Q: How many BTUs to boil water?

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2250

That will completely depend on how much water there is.

6,520 Btus

actually its 313.

313 Btu

Related questions

To calculate the BTUs required to raise the temperature of water, you can use the formula: BTUs = (pounds of water) x (temperature change in °F) x (1 BTU). For 15 pounds of water going from 100°F to 120°F, the calculation would be: BTUs = 15 pounds x 20°F x 1 BTU = 300 BTUs.

It takes approximately 970 BTUs to convert one pound of water at 212°F (100°C) to steam at the same temperature.

It takes approximately 144 BTUs to change one pound of ice at 20°F to water at 212°F, and an additional 970 BTUs to change the water to steam at 220°F, for a total of 1114 BTUs.

To calculate the BTUs required to raise the temperature of 15 pounds of water, you can use the formula: BTUs = Weight of water in pounds × Temperature change in degrees Fahrenheit × 1 BTU So, the calculation would be: BTUs = 15 lbs × (130°F - 100°F) × 1 BTU = 15 lbs × 30°F = 450 BTUs.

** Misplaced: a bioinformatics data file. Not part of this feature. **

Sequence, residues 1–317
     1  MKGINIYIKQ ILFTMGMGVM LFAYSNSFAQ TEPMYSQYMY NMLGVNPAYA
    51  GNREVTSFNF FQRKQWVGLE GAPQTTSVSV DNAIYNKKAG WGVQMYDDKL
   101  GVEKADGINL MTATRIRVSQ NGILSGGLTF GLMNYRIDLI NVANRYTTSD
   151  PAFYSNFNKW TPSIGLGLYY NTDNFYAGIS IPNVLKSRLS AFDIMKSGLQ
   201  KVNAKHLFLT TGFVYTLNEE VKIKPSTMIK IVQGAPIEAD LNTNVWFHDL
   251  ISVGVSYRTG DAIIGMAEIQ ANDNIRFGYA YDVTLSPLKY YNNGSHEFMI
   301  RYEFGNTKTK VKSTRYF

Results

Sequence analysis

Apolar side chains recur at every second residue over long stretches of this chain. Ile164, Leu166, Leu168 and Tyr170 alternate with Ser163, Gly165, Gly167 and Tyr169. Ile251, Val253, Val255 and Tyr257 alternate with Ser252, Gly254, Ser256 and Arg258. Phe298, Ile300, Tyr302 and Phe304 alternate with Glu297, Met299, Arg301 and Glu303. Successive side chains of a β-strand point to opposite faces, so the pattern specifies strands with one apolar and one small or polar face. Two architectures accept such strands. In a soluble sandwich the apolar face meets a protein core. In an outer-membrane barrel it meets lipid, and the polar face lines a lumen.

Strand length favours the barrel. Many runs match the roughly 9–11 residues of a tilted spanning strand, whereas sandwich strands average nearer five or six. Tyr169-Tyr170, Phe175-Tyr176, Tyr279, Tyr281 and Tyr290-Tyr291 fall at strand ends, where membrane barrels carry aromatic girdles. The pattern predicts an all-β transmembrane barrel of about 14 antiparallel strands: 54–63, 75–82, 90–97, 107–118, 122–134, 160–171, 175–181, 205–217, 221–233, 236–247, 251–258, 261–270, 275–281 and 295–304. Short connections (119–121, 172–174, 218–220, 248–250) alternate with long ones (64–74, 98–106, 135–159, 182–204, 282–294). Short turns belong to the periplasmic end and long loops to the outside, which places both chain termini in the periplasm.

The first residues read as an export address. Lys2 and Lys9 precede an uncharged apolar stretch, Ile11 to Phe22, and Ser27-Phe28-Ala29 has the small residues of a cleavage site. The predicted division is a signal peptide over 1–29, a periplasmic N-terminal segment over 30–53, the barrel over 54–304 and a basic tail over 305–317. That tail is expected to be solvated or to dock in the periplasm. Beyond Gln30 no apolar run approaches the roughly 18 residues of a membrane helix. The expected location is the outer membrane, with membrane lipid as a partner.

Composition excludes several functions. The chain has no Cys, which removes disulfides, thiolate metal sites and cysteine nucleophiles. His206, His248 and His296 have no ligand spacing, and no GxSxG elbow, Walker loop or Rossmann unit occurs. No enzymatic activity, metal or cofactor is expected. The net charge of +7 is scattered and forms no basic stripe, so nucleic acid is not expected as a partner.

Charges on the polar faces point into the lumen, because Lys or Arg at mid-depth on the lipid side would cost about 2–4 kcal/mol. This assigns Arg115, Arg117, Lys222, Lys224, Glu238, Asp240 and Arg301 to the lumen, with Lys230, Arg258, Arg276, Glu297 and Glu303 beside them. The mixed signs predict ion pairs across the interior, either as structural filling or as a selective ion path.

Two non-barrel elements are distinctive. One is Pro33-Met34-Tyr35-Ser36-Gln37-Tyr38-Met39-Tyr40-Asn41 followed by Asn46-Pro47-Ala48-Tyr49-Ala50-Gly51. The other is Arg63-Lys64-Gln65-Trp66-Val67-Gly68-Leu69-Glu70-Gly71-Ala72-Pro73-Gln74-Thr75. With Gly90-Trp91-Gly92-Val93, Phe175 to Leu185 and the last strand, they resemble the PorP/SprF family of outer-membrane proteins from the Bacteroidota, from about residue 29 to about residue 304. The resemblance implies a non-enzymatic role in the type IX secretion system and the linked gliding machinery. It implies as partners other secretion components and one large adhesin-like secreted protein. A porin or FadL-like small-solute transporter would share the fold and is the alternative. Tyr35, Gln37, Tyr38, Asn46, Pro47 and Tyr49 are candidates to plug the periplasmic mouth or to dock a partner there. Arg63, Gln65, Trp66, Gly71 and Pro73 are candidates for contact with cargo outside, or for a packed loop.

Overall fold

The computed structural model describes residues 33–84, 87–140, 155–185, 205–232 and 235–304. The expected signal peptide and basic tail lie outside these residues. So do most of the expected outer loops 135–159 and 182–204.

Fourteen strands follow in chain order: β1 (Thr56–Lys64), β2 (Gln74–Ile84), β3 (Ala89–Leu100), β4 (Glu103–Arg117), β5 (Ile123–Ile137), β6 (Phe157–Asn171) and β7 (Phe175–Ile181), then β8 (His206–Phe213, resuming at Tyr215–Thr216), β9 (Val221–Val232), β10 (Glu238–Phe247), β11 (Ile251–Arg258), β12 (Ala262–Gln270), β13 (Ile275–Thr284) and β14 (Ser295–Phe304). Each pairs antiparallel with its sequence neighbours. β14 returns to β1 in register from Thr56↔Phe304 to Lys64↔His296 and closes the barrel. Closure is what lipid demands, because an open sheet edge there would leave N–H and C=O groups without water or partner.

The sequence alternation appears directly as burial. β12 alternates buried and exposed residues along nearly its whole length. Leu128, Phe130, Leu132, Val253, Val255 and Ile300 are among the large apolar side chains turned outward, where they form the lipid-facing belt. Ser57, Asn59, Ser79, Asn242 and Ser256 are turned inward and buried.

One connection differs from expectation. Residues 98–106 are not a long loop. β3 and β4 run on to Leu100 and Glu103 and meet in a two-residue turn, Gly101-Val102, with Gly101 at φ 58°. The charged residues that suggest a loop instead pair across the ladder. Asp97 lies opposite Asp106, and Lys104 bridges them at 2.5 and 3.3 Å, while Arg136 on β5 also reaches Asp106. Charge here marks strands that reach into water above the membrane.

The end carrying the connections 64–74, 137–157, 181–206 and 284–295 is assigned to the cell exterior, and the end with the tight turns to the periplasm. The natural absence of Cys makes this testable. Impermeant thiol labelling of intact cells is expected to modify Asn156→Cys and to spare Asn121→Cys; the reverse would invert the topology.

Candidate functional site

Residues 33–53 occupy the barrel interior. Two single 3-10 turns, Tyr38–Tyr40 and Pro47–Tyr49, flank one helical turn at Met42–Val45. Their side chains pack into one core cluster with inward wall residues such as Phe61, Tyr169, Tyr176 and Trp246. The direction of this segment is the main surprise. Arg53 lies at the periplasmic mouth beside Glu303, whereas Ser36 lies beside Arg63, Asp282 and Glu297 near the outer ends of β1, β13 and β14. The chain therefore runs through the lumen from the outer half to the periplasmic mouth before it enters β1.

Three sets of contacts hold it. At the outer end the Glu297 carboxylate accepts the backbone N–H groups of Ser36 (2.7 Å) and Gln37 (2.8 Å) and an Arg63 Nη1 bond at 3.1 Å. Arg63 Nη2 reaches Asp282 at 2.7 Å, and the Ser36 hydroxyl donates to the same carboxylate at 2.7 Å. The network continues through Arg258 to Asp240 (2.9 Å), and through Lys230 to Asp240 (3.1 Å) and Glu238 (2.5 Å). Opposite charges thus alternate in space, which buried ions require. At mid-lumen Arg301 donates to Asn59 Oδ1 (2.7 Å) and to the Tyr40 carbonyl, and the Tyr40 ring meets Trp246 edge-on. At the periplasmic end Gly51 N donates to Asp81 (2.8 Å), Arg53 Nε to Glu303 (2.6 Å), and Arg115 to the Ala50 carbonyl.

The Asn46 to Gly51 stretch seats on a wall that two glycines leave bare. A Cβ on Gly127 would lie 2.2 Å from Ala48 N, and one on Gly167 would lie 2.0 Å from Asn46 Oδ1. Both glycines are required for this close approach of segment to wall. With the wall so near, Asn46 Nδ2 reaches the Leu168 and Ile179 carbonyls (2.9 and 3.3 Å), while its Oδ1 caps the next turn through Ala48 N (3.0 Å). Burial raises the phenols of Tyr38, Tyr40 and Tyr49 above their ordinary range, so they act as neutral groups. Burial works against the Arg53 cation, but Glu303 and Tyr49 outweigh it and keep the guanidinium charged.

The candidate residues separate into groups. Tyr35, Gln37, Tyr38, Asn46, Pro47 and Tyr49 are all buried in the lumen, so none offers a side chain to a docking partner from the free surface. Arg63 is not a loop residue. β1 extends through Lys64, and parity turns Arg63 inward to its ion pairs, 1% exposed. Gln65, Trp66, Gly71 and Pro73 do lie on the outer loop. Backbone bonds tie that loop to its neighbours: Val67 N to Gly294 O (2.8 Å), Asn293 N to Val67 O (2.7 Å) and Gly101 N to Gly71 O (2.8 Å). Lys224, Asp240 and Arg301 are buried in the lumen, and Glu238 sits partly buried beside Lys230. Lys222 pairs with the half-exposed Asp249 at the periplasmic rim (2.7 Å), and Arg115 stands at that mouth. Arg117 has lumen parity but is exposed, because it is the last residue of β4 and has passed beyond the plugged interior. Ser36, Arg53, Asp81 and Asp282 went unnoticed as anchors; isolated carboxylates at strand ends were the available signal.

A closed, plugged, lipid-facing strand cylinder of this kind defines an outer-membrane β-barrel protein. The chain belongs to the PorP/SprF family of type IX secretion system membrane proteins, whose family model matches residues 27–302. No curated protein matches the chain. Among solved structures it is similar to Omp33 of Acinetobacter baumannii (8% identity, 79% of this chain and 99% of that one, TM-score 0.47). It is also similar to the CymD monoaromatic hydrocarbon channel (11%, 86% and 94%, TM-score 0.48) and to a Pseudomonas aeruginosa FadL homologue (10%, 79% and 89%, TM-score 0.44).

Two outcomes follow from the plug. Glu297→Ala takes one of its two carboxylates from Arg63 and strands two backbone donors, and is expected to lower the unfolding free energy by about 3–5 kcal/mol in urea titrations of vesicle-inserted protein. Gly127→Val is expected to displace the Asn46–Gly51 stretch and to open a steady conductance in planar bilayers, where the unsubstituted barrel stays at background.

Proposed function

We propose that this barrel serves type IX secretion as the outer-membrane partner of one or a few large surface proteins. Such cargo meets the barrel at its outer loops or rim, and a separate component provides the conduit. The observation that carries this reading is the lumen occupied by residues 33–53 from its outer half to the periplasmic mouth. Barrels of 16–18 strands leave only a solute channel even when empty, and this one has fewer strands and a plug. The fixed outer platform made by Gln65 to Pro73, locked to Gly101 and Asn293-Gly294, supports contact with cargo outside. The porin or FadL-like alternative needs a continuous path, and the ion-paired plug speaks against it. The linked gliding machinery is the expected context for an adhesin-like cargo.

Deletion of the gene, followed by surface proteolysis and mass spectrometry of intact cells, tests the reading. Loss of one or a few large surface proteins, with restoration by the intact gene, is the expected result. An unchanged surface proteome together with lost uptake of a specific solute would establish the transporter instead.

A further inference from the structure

25

2250

To raise 1 pound of ice from 32°F to water at 32°F it requires 144 BTUs. Since you have 50 pounds of ice, you would need 50 * 144 BTUs to raise the ice to water at 32°F. To further raise the water from 32°F to 160°F, you would need an additional amount of BTUs based on the specific heat capacity of water.

That will completely depend on how much water there is.

There are no BTUs in an office water-cooler. But you can calculate how many BTUs are removed by the cooler. One BTU or British Thermal Unit is the amount of heat energy required to raise the temperature of one pound of water one degree Fahrenheit. There for when you remove one BTU you are lowering one pound of water one degree Fahrenheit. So if you know how many pounds of water you have and the temperature of the water you start with and the temperature of the water comming out of the cooler you can calculate how many BTUs the cooling unit of the water cooler has removed. BTU=Temp1 - Temp 2 X LB water

144

4800 BTUs will 150 square feet.

100 BTU if it's Fahrenheit